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Please help dd cutting her face and arms open in school

(31 Posts)
Agnesboo Mon 15-Jul-13 15:24:45

I have namechanged and this may be long but I don't want to drip feed.

My dd is 13 she has always hated school. We home educated for a year due to bullying but she didn't like it and went to secondary school about a month late in y7.

She has dyspraxia and is now seeing CAHMS and we are waiting for a diagnosis of either ADD or autism.

For the last 18 months school life has been hell. She began hanging around with a group of girls who all dared each other to do stupid and dangerous things, I am in no way saying my dd was innocent, she took part as much as the others and I have talked to her and took away her stuff when necessary.

I have been called in to school numerous times and had over 12 meetings this year alone. She has been slicing her arms open in front of friends as dares while she was meant to be in lessons. She has also sat in the classroom and done it. She has bought pencil sharpeners from the school shop and broke them to expose the blade. She and another girl walked out of class the other day and the teacher told them to separate when he came back they had both sliced their faces numerous times leaving scarring. The teachers did not contact me they just sent her home at home time aware that she had these cuts.
They have also ran around school with sharpener blades.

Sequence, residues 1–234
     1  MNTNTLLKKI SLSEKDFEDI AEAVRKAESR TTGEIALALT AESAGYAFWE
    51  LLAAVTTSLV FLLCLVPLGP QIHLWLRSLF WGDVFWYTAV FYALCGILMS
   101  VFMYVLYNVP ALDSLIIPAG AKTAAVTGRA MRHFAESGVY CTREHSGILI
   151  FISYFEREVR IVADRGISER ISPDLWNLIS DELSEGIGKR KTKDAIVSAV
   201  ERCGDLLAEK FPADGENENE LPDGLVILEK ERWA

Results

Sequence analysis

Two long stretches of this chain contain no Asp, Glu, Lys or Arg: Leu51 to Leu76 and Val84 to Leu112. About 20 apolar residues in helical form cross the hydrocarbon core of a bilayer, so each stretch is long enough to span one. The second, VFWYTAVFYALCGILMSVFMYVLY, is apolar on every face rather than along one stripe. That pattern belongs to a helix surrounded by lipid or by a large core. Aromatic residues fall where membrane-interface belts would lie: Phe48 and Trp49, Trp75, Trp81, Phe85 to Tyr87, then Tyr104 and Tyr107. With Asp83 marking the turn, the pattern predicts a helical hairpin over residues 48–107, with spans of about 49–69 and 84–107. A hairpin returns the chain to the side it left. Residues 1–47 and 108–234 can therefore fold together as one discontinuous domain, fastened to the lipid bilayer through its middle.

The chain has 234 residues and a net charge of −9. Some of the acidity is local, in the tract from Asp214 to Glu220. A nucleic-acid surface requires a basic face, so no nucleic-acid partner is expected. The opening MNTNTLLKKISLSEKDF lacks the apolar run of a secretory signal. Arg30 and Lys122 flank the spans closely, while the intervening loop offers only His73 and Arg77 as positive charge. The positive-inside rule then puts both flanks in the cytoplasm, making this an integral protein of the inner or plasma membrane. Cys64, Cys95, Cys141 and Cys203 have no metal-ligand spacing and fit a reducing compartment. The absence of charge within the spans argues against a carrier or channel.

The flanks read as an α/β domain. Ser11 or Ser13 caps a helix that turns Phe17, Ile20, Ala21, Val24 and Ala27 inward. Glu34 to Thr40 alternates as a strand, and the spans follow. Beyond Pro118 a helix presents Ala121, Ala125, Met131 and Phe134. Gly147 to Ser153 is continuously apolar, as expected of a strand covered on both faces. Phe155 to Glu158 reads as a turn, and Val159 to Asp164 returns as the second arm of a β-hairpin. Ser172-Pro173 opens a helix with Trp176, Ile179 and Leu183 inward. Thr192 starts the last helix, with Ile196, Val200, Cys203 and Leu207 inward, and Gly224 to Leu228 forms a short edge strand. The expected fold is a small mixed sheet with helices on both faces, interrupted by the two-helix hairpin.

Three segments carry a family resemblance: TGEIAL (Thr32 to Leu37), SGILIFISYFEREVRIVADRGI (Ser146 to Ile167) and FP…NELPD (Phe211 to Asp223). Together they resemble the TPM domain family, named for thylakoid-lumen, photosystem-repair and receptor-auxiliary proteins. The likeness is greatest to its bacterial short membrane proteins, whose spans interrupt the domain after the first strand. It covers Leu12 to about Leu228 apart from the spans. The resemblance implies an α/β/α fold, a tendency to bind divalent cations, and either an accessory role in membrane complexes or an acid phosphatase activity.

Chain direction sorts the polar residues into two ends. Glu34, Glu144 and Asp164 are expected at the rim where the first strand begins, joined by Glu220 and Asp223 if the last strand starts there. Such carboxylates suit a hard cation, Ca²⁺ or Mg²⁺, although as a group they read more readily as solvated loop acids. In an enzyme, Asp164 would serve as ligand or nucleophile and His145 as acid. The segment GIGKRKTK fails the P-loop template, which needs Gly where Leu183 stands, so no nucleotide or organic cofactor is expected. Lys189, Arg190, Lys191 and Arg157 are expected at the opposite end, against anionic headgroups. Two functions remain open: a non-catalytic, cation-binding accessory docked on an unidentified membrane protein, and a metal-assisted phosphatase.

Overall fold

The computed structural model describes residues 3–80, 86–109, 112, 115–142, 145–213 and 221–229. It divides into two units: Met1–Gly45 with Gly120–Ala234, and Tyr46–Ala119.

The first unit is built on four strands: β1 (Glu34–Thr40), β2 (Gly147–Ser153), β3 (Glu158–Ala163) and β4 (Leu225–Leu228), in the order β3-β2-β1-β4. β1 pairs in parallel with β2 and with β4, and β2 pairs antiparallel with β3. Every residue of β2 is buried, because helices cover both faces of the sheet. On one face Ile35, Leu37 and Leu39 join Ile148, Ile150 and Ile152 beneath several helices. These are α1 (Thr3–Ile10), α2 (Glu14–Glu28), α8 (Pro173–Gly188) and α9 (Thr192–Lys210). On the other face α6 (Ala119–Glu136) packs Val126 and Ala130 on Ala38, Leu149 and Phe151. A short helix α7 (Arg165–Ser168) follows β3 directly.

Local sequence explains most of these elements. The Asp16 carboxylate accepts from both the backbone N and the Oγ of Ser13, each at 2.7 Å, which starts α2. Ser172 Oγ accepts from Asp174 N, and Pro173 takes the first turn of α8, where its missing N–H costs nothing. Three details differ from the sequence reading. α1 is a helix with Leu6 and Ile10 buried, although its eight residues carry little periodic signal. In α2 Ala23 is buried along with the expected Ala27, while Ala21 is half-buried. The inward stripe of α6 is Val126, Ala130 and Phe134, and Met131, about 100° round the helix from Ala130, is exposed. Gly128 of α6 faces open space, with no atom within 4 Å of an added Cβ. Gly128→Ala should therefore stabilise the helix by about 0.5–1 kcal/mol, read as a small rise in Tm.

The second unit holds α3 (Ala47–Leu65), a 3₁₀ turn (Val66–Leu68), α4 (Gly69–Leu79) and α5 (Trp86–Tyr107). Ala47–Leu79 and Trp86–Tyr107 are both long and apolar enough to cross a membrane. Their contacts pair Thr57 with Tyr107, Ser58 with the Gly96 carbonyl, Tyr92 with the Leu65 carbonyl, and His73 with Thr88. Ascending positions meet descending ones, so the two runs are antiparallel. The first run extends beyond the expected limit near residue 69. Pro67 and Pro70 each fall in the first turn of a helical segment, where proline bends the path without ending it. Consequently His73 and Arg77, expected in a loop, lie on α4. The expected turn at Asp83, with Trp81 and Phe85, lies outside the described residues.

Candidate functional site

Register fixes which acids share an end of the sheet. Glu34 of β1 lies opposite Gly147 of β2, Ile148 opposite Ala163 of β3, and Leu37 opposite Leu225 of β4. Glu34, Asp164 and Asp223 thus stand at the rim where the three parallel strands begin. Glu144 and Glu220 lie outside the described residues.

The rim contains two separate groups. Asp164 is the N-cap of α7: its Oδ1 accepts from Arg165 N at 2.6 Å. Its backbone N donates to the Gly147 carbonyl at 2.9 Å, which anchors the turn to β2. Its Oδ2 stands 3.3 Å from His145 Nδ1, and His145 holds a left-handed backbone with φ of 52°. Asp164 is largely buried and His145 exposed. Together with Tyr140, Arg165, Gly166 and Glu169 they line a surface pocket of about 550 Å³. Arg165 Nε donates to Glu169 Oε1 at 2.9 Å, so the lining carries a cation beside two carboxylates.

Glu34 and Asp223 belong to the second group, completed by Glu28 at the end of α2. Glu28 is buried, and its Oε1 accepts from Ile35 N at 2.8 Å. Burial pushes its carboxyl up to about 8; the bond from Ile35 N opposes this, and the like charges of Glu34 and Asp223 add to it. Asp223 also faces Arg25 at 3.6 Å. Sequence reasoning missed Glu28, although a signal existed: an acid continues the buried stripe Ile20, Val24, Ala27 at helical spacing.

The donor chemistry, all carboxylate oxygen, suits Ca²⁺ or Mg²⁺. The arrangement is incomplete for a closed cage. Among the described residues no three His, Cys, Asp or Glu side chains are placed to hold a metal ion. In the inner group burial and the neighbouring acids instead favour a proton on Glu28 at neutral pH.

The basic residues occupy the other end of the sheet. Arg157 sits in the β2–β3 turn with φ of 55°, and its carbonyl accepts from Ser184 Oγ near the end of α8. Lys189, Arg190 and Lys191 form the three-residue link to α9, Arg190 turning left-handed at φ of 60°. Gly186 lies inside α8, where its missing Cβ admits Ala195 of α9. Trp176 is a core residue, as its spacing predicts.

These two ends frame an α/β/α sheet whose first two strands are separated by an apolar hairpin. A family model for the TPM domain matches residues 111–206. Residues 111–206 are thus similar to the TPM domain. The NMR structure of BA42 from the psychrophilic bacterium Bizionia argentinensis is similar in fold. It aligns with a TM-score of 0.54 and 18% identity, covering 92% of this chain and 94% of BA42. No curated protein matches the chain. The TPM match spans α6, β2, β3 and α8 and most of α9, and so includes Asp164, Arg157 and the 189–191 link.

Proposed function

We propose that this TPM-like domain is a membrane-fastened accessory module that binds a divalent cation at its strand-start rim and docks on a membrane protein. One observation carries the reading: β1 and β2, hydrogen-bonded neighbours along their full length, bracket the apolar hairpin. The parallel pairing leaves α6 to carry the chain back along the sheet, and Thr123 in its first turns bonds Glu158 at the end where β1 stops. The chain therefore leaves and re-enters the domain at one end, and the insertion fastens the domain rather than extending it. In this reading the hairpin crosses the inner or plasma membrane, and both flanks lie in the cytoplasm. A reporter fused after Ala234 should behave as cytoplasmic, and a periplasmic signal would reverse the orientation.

I myself have got the police involved and asked them to talk to dd. school did not seem happy about this I also got them involved when she was badly beaten up in a corridor.

She is a different child at home a normal everyday teenager but when she attends school she becomes he'll to live with verbally and physically abusive to me and her siblings.

When she sliced her face I didn't send her back because I spoke to a teacher who said they couldn't keep her safe but now I am classed as keeping her absent because I don't know what else to do, they have admitted dd won't be safe but won't help me. I keep her safe I even started walking her to and from school to try and keep her from meeting up with the girls on the way in but school seem to reward their bad behaviour by allowing them to sit on reception or go on the computers instead of lessons if they walk out of class.

Staff have also told me many confidential things about other pupils and contacted a pupils mum in front of me about an incident which struck me as wrong.

I have today rung ofsted after getting nowhere with the education dept and told them everything and they are involving a safeguarding officer, I really don't want to get anyone in trouble I'm just at the end of my rope but I'm worried now.

Before you flame me i totally understand my dds behaviour has been outrageous and unfair on the school and other pupils but I try to keep her safe and tell her she's not on the right path and school reward her by offering her days out and extra treats.
My ds also attends the school and is doing very well and is well behaved he never gets offered any incentives or treats it just seems unfair.